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The Forefront of Space Science

Aiming at a Highly Accurate Satellite Structure
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In case of a satellite using an optical telescope

The mirror plane error requirement on a radiowave antenna is 0.1mm to a few millimeters. In case of telescopes using shorter wave infrared (wavelength 800nm to 1mm) or visible light (wavelength 380 to 780nm), however, the accuracy requirement jumps to the order of micro to nano meters. The material used for the mirror is glass and it is polished to bring the mirror error below 1/20th of the wavelength used. I mentioned above that aperture enlargement is a common desire of observation researchers. If we increase the mirror size, however, it would deform under its own weight on the ground. For large terrestrial telescopes, we operate them by correcting the deformations that vary according to direction. With telescopes in space, however, no gravitational deformation occurs. Thus, we must consider use condition of a no-gravity environment when manufacturing and polishing telescopes on the ground. A 3.5m-diameter aperture telescope will be mounted on the infrared observation satellite SPICA (planned to be launched around 2017). This is the largest that can be stowed in the rocket fairing. In fact, it looks as though the satellite is mounted on the telescope, rather than vice versa.

Since SPICA’s infrared telescope will observe infrared from far-distant stars, infrared emission from the telescope itself cannot be allowed. To that end, the telescope must be cooled to an extremely low temperature (45K). The telescope will be manufactured and polished at room temperature. After launching at room temperature, the telescope will be cooled to almost absolute zero temperature by many mechanical refrigerators over time in outer space. This imposes severe manufacturing and operating conditions on us. Specifically, we have to produce a mirror that will not deform under changes in temperature of even 300 deg. C, nor suffer structural damage. We are considering the use of silicon carbide (SiC) with its small thermal expansion coefficient for the mirror. Another technical challenge is the method of retaining the mirror.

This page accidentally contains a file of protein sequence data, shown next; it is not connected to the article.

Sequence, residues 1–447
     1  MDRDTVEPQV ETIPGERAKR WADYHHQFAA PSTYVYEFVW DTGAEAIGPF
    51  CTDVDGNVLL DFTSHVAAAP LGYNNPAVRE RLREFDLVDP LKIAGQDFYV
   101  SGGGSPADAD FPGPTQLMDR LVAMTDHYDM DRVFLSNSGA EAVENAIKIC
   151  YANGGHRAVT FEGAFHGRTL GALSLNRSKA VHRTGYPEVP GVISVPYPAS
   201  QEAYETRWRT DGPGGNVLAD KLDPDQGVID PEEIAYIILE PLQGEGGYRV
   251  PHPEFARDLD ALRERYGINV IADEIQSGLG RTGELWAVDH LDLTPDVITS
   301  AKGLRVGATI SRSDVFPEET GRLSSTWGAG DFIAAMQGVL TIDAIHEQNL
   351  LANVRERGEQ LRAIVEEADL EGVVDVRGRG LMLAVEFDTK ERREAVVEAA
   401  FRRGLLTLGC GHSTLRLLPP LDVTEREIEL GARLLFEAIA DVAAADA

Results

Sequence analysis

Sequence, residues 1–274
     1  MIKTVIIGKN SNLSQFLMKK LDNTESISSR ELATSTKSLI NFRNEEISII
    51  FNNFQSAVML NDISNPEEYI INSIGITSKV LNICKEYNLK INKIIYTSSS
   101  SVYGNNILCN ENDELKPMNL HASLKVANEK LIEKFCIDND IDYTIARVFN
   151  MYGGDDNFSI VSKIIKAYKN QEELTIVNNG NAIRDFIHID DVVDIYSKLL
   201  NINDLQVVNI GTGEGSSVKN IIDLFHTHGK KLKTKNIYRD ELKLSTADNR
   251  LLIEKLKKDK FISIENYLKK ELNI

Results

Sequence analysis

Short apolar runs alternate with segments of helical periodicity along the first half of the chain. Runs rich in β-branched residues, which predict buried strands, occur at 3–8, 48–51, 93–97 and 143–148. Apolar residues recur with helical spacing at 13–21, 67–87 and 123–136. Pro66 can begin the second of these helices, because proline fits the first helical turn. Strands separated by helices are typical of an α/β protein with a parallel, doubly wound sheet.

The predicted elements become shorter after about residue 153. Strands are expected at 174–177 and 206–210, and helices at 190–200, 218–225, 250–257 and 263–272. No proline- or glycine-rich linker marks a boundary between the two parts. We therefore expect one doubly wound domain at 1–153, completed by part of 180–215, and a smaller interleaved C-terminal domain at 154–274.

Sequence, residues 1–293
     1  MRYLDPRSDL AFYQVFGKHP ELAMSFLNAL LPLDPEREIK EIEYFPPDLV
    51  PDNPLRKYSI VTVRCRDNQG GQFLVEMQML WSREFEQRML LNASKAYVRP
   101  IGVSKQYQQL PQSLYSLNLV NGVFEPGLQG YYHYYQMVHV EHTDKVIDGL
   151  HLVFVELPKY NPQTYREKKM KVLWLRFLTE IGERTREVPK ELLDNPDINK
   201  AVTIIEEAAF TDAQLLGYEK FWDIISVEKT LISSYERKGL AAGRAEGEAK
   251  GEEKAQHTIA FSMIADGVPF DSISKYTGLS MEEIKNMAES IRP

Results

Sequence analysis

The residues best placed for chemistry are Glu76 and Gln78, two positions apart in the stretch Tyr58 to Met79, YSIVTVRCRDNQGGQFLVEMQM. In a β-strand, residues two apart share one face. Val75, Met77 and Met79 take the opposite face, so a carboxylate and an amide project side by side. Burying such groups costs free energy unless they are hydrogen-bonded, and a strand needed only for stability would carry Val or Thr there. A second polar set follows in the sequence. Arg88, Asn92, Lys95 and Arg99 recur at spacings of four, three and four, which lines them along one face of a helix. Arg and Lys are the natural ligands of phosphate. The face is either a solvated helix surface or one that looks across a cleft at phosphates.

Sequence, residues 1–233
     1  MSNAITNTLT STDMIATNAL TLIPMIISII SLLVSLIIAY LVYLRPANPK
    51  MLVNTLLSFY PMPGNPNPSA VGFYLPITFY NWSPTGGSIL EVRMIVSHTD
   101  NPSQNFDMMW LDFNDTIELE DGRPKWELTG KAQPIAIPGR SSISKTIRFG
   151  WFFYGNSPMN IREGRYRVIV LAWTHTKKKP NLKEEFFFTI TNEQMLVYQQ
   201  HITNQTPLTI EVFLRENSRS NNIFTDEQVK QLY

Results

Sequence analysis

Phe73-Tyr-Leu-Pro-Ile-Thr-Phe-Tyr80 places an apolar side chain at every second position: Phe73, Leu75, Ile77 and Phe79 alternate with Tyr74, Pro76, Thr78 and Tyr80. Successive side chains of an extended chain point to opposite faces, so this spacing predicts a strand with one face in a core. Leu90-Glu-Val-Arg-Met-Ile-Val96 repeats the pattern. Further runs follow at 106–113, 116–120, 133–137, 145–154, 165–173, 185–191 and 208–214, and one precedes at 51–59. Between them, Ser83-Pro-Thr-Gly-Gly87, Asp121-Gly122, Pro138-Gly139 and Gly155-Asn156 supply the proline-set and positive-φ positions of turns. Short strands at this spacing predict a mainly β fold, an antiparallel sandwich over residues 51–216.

Figure 3
Figure 3. Infrared observation satellite SPICA

After launch

After surmounting the technical problems above and enduring the rocket launch environment, the satellite is successfully input into outer space. Once in orbit, however, the satellite faces minute vibration environments called “disturbances.EThe source of these disturbances are gyros, control wheels, refrigerators, motors driving the solar-array paddle to track the Sun while orbiting the earth, motors operating observation instruments, etc. The disturbance forces and torques pass to the satellite structure and affect the pointing performance of mission instruments. In particular, when vibration goes through the satellite’s structural part, the vibrational magnitude is amplified due to structural resonance. Unfortunately, it is difficult to accurately forecast and control the magnitude.

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